Top Scoops

Book Reviews | Gordon Campbell | Scoop News | Wellington Scoop | Community Scoop | Search

 

No Right Turn: Not Just About Treaty Clauses

No Right Turn

Not Just About Treaty Clauses


http://norightturn.blogspot.com

When Labour chose to rely on New Zealand First for confidence and supply, it knew it would have to swallow some dead rats. One of those rats is on the menu tomorrow, in the form of Doug Woolerton's Principles of the Treaty of Waitangi Deletion Bill - and Labour's Maori MPs are already gagging. And who can blame them? The bill is an attack on Maori, which seeks to strip all references to the Treaty of Waitangi from legislation (including, ironically, several formal apologies in Treaty Settlement bills, the repeal of which could cast those settlements into doubt). But its worse than that, because the bill wouldn't just repeal the various "Treaty clauses". It would also repeal the jurisdiction of the Waitangi Tribunal to consider some claims, and to compensate some successful claimants.

The guts of the bill is section 4(1), which repeals a long list of enactments. Exactly what they do can be seen in the relevant bills digest. But right at the end, by which time everyone would have stopped paying attention, is this little bit:

(za) section 6(1)(d), section 8(1), and section 8HB of the Treaty of Waitangi Act 1975.

What do those clauses do? Section 6 of the Treaty of Waitangi Act 1975 establishes the basic jurisdiction of the Waitangi Tribunal to hear claims. Section 6 (1) (d) includes in this jurisdiction

any act done or omitted at any time on or after the 6th day of February 1840, or proposed to be done or omitted, by or on behalf of the Crown

This may be bad drafting - the clause is encapsulated by conditions which include a reference to the "principles of the Treaty", and repealing it alone would not prevent the Tribunal from considering past ordinances and regulations, or proposed policies or practices - but "act[s] done or omitted" is somewhat broader than that, and in the context of the other changes, the repeal is somewhat suspicious. Repealing the encapsulating clause would effectively strip the Waitangi Tribunal of all jurisdiction.

Section 8 allows the Tribunal to consider legislation referred to it by resolution of the House, or by a government Minister, to determine whether it is "contrary to the principles of the Treaty". To my knowledge it has never been used (the government will not refer legislation itself), but is in principle the same as the requirement of the Attorney-General to advise on consistency with the BORA.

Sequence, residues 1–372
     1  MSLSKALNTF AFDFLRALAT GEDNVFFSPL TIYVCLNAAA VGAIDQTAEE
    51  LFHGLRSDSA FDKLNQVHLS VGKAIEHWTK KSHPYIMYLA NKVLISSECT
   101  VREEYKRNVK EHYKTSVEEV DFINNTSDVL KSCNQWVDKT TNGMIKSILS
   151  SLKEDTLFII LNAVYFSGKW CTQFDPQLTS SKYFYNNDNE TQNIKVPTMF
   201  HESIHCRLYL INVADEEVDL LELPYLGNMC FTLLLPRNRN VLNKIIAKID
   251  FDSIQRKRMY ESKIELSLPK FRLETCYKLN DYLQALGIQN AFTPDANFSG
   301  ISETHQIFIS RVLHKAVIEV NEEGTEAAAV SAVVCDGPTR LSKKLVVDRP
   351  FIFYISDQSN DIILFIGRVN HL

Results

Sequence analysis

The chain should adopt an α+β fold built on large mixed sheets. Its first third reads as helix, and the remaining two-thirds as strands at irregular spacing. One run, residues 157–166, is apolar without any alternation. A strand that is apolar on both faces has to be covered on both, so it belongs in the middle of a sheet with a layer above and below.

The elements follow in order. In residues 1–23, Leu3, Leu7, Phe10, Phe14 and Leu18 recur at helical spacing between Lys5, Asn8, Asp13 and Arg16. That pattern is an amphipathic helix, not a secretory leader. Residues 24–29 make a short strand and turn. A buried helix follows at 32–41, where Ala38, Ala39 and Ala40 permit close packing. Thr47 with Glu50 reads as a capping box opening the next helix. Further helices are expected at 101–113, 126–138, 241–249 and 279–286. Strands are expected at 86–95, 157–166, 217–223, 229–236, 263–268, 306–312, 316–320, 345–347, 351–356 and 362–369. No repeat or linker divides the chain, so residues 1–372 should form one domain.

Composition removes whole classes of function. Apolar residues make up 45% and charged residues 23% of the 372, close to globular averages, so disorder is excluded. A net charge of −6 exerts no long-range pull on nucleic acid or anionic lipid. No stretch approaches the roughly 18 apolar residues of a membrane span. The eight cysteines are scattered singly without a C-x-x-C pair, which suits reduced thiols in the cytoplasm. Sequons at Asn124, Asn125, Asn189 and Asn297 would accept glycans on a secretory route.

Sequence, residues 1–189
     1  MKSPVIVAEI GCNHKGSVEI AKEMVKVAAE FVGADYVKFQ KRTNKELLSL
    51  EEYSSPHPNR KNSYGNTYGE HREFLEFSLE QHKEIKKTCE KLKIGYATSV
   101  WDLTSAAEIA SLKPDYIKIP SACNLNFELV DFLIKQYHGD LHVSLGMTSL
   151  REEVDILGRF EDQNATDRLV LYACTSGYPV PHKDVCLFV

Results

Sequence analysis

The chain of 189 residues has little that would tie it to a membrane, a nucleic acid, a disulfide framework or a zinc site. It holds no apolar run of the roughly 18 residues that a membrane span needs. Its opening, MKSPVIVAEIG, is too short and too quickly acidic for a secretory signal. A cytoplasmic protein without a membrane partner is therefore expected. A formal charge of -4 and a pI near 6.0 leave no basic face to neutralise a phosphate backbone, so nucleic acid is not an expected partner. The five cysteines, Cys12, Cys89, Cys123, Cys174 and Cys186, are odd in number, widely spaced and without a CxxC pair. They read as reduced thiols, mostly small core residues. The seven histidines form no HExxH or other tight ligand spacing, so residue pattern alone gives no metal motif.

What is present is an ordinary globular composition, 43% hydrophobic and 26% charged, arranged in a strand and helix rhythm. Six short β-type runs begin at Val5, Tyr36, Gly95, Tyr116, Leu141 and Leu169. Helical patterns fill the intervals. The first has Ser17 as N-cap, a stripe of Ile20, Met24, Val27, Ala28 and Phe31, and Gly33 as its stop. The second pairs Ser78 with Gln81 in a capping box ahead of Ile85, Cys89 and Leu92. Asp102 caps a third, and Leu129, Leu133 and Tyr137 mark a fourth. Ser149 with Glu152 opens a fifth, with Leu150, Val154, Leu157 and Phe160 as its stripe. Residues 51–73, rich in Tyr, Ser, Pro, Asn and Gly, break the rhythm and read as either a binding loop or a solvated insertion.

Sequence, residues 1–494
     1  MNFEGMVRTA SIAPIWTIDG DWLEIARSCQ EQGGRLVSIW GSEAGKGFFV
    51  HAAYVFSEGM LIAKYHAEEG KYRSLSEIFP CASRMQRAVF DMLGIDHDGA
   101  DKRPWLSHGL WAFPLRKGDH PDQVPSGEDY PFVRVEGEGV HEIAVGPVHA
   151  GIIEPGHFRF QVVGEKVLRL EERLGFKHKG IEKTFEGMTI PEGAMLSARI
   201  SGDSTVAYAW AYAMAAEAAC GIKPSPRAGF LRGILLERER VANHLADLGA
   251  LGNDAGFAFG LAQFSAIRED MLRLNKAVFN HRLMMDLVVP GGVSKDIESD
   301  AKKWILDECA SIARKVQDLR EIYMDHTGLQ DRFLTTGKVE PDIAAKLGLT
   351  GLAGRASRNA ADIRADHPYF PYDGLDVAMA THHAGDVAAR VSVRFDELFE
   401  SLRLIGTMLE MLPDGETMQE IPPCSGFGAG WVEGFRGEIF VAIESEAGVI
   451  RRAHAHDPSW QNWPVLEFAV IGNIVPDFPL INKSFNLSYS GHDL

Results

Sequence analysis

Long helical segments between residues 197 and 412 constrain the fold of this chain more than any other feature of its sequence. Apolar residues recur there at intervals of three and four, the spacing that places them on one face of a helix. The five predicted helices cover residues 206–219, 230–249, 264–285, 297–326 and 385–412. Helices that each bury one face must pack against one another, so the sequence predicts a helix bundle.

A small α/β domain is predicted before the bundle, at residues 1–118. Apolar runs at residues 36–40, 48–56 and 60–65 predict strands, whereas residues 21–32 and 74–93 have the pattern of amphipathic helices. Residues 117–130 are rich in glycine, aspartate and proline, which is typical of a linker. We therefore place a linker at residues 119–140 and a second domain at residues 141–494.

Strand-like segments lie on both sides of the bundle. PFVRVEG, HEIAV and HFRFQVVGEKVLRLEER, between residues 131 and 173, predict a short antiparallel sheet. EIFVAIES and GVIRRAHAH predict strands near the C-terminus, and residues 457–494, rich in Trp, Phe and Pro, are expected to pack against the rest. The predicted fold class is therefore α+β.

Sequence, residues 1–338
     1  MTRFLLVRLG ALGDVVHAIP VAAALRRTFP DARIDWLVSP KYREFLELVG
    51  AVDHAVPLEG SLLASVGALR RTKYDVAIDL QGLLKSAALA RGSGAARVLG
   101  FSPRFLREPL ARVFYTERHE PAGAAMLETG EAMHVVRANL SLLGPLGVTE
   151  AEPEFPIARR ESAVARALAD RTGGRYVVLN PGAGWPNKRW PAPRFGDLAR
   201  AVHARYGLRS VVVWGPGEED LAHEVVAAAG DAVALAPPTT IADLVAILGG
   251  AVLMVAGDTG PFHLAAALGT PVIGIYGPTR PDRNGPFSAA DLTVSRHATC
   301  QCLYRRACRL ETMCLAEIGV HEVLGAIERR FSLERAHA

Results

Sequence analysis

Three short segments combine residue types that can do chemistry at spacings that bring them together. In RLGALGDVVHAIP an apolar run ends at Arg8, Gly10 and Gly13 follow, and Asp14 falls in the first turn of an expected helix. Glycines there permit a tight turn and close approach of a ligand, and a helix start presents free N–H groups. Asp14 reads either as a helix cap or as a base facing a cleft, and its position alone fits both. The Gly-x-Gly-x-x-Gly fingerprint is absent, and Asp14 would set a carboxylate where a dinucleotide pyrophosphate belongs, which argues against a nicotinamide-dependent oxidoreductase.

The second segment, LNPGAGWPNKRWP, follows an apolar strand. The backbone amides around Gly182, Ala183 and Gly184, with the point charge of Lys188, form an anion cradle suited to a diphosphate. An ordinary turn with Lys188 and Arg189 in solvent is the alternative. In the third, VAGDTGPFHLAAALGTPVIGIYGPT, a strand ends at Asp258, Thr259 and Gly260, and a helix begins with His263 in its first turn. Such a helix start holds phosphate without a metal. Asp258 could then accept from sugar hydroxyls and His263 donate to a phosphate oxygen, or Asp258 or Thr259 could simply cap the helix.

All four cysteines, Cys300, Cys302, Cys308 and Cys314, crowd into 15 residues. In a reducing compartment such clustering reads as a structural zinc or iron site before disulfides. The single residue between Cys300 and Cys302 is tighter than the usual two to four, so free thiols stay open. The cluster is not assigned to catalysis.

Section 8HB allows the Tribunal to recommend the return of crown forestry land subject to a well-founded Treaty claim. Repealing it would effectively mean that some claimants might not be able to be compensated by the return of their land, unless it is vested in an SOE.

These aren't "Treaty clauses" by any stretch of the imagination. While they contain the phrase "principles of the Treaty of Waitangi", they don't govern the broad interpretation of legislation. Instead, they actually do things - and things that actually matter. Either NZ First has been doing some very sloppy drafting, or they are attempting to put one over on Parliament. And given the absence of this clause from the version of the bill which was put to the House in June last year, I'd suspect the latter.

And worst of all, Labour is going to vote for this. They have no choice, but it still stinks to high heaven. Regardless of whether it passes or fails, the Maori Party will crucify them for it - and Labour will deserve every bit of vituperation they get over it.

ENDS

© Scoop Media

 
 
 
Top Scoops Headlines

 

Reese Erlich: Foreign Correspondent: U.S. Capitol Insurrection As Seen From Abroad

In the wake of the white nationalist mob takeover of the U.S. Capitol and Trump’s pending second impeachment, I contacted journalists and activists overseas to get an idea of how the rest of the world currently views us.... More>>


Ian Powell: Health Restructuring Threatens Patient Voice

The opportunity for public voice is vital for the effective functioning of New Zealand’s health system. Inevitably voice boils down to the accessibility quality of comprehensive healthcare services for patients both at an individual treatment and population health ... More>>


Boris Johnson At Sea: Coronavirus Confusion In The UK

The tide has been turning against UK Prime Minister Boris Johnson. Oafishly, he has managed to convert that tide into a deluge of dissatisfaction assisted by the gravitational pull of singular incompetence. Much of this is due to such errors of ... More>>

Binoy Kampmark: Denying Assange Bail

History, while not always a telling guide, can be useful. But in moments of flushed confidence, it is not consulted and Cleo is forgotten. A crisp new dawn can negate a glance to the past. Having received the unexpected news that Julian Assange’s extradition to the United States for charges of breaching the Espionage Act of 1917 and computer intrusion had been blocked by Justice Vanessa Baraitser, his legal team and supporters were confident. All that was left was to apply for bail... More>>


The Conversation: The Numbers Suggest The Campaign For Cannabis Reform In NZ Will Outlive The Generations That Voted Against It

Like Brexit in the UK, cannabis reform in New Zealand fell into an age gap — given time, a second referendum would probably succeed. More>>

Gordon Campbell: 22 Short Takes On The US Election

Finally, the long night of Donald Trump’s presidency is over. To date, the courts have been given no cause to conclude that the exhaustively lengthy counts of those mountains of mail ballots was anything other than legal. Stacking the US Supreme ... More>>


 
 
 
 
 
 
 
 
 
  • PublicAddress
  • Pundit
  • Kiwiblog